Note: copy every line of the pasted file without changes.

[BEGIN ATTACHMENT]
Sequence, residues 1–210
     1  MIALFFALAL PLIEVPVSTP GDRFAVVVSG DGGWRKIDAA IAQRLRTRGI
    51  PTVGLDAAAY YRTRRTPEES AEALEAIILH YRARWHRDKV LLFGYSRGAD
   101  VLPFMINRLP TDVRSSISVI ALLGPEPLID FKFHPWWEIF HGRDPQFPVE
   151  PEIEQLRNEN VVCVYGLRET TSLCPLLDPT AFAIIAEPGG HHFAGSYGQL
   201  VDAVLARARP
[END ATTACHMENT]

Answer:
Sequence, residues 1–210
     1  MIALFFALAL PLIEVPVSTP GDRFAVVVSG DGGWRKIDAA IAQRLRTRGI
    51  PTVGLDAAAY YRTRRTPEES AEALEAIILH YRARWHRDKV LLFGYSRGAD
   101  VLPFMINRLP TDVRSSISVI ALLGPEPLID FKFHPWWEIF HGRDPQFPVE
   151  PEIEQLRNEN VVCVYGLRET TSLCPLLDPT AFAIIAEPGG HHFAGSYGQL
   201  VDAVLARARP